How U.S. Involvement in Afghanistan Changed Girls' Lives

How U.S. Involvement in Afghanistan Changed Girls' Lives
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By Shabana Basij-Rasikh and Amb. Melanne Verveer

Headlines about Afghanistan tend to depict the latest violence in a continuing conflict. While there is truth to these reports, there is another truth far less told: Women and girls have made significant progress since the overthrow of the Taliban regime in 2001.

The Taliban imposed a strict Islamic ideology throughout the country, stripping Afghans of their rights and terrorizing women and girls. When the Taliban took control of the country in 1996, girls’ education became illegal. Women were forbidden from working and could not leave their homes; when they did, they had to be escorted by a male relative and dressed in a full head-to-toe burqa. Women’s rights were not protected under the Constitution and women had nowhere to go if they faced abuse or threats from men in society.

The hardships experienced by girls are depicted in a new animated film, The Breadwinner, executive produced by Angelina Jolie. It tells the story of Parvana, an 11-year-old girl growing up under the Taliban in Afghanistan. When her father is arrested for having a foreign education, Parvana disguises herself as a boy in order to be able to support her family. The remarkable film reminds us about a time in recent Afghan history that greatly tested the resilience and strength of the Afghan people. We might ask ourselves, “What has changed?”

<p><em>The Breadwinner will be in theaters nation-wide on November 17.</em></p>

The Breadwinner will be in theaters nation-wide on November 17.

When American forces and their allies toppled the Taliban regime, they helped to return the country to a civil society with democratic elections and basic human rights. The conflict with the Taliban, however, has endured, and there are still major obstacles, including security, that need to be overcome if a peaceful and prosperous Afghanistan is to emerge. But despite the setbacks, Afghanistan has made progress for women and girls since the fall of the Taliban that should be acknowledged, although, to be sure, there is much more to be achieved.

When the Taliban were toppled in 2001, there were zero girls in school. Today, one in three girls receives an education. Though the educational system in Afghanistan has a great number of flaws, it is one of the country’s greatest successes. It is noteworthy that even in areas where the Taliban continue to have an influence, families are defying their rules by sending their daughters to school in spite of threats. Afghans have hope of a brighter future for their children—their sons and daughters.

Today, women are able to engage in the workplace. While Afghanistan remains in the top ten countries with the highest maternal mortality rate, it no longer tops the list. Women have mobilized to create civil society organizations, many more women have been appointed judges, and women represent a significant percentage of parliament and civil service. Furthermore, the government has established a goal for women to represent 30% of government employees in high-level, decision-making positions by 2020.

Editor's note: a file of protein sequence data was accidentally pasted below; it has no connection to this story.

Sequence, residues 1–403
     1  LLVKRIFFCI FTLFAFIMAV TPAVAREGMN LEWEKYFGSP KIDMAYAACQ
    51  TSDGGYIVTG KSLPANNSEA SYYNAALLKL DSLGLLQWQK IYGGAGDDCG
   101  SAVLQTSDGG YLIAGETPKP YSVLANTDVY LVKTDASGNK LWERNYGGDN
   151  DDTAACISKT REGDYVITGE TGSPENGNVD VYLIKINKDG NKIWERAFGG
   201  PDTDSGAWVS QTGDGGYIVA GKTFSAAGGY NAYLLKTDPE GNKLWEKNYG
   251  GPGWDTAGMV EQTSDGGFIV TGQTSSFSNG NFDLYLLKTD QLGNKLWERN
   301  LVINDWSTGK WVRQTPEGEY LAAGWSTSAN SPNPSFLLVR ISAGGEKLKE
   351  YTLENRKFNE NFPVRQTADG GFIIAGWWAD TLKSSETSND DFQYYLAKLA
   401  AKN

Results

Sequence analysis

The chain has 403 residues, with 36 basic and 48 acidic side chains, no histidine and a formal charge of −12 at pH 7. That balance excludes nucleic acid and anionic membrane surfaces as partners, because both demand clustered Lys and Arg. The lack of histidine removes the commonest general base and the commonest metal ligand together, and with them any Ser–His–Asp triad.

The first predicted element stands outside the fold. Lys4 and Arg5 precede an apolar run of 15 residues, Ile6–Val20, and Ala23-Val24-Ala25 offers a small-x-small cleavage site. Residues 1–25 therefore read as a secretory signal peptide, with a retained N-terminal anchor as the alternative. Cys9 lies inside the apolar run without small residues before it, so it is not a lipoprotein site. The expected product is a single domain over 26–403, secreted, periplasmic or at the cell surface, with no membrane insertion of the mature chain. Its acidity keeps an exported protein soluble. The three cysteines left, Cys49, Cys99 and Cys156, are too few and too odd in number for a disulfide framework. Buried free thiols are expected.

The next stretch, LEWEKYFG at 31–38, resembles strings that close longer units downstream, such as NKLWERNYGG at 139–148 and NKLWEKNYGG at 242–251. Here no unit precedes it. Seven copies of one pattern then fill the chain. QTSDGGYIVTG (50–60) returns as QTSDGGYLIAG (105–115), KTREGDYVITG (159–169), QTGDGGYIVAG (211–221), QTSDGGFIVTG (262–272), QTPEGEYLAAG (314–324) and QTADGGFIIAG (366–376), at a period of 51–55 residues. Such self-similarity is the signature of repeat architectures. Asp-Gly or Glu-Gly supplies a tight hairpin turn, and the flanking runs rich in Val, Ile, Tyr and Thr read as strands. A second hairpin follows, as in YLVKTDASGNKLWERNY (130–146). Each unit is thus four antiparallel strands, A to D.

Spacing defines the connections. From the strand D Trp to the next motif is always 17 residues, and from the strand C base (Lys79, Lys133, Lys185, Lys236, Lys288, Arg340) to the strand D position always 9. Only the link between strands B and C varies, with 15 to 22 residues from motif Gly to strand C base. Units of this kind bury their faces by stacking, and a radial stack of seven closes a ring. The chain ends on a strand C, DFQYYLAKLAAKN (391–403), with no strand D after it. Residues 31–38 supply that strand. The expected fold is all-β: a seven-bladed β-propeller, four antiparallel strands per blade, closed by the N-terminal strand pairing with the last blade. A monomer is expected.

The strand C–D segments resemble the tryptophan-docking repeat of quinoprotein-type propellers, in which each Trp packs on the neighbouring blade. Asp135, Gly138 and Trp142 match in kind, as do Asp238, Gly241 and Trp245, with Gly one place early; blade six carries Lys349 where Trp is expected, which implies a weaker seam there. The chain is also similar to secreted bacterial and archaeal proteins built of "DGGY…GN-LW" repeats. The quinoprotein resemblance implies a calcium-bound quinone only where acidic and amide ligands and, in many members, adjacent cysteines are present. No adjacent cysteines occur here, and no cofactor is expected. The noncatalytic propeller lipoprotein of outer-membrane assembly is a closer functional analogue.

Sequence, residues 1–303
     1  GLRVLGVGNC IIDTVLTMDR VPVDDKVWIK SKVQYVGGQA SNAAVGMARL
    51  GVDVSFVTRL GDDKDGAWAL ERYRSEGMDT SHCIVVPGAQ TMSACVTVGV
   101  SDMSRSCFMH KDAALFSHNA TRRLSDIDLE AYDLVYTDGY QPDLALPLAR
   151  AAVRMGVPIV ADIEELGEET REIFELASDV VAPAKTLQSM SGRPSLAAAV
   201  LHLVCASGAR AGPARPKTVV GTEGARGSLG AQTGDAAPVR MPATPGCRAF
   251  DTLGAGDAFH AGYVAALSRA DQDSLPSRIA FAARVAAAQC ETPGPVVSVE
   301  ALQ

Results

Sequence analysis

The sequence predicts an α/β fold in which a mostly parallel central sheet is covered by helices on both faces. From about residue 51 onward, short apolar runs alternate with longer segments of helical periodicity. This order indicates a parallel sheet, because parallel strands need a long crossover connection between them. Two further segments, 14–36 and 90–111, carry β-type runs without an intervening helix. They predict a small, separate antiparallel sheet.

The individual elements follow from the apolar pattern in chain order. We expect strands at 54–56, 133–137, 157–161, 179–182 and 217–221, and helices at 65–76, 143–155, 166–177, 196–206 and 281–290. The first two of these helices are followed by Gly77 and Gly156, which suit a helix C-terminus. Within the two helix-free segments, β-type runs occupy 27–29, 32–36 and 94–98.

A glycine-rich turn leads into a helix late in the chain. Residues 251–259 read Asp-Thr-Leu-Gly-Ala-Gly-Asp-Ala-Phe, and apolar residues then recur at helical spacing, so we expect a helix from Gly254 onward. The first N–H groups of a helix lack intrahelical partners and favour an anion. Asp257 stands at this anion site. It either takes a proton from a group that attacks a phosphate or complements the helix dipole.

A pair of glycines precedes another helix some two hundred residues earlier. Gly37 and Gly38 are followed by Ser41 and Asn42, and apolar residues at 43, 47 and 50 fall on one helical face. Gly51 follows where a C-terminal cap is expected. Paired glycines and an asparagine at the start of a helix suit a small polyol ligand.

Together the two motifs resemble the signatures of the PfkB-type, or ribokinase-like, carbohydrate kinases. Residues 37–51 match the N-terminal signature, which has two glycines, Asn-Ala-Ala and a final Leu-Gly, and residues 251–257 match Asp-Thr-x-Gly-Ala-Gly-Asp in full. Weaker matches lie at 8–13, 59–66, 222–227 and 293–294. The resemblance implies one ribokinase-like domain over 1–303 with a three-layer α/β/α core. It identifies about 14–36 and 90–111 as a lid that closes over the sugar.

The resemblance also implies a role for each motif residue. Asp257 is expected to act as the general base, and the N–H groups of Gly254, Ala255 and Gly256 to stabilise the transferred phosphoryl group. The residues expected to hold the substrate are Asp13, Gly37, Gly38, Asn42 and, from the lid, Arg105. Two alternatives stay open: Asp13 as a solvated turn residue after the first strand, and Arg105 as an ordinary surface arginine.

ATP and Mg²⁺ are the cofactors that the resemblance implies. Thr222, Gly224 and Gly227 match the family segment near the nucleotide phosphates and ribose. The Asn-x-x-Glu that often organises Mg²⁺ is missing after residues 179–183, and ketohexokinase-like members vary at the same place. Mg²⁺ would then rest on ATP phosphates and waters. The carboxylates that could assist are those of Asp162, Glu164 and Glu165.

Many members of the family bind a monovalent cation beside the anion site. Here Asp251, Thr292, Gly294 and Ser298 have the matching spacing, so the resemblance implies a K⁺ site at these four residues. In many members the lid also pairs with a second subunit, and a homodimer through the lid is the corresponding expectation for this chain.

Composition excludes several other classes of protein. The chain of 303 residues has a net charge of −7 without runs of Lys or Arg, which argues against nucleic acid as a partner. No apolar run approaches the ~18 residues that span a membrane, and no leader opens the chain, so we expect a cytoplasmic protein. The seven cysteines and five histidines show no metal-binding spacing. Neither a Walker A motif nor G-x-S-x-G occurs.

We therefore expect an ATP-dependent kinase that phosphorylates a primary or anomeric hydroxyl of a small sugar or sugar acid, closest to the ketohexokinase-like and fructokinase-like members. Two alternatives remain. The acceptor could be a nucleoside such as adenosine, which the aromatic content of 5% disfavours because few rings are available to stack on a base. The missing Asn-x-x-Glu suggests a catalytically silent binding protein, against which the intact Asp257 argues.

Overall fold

Women are now protected under Afghanistan’s constitution, which guarantees equal rights to both men and women. It is true that Afghanistan has a long way before it can catch up to the laws that have been put in place in recent years, but the fact that the laws exist is a major stepping-stone towards establishing the fullness of equal rights.

Culture is also changing. For example, under Taliban rule, televisions and music were banned from the home. The media was tightly controlled by the regime, which monitored all communications. Today Afghanistan has 150 radio stations, 50 private television stations and 22 state-owned channels. The content is no longer censored by authoritarian rule and freedom of the press has been growing. For example, a popular television show called Afghan Star, based on American Idol, has made headway throughout the country. This show has a way of unifying people: men, women, Pashtuns, Hazaras, old, and young come together as one group to determine the outcome of the contest. In this year’s season, one of the top two contenders was Zulala Hashimi, a 16 year-old female high-school student from Nangarhar who was raised by her widowed mother.

Peace remains elusive in Afghanistan, and no one wants to see an end to fighting more than the women who have suffered disproportionately. At the same time, they don’t want their rights to be compromised in a potential agreement that would push their progress backwards. Their participation in any future negotiations is critical if an eventual peace is to be sustained.

What emerges in Afghanistan is the remarkable resiliency and ability to work towards and hold on to hope for a better life. Girls no longer have disguise themselves to go to school, as did the character Pravana in The Breadwinner, but the hard earned achievements are still fragile.

Shabana Basij-Rasikh is president and co-founder of the School of Leadership Afghanistan (SOLA).

Melanne Verveer is the Executive Director of the Georgetown Institute for Women, Peace and Security. Ambassador Verveer served as the first U.S. Ambassador for Global Women’s Issues.

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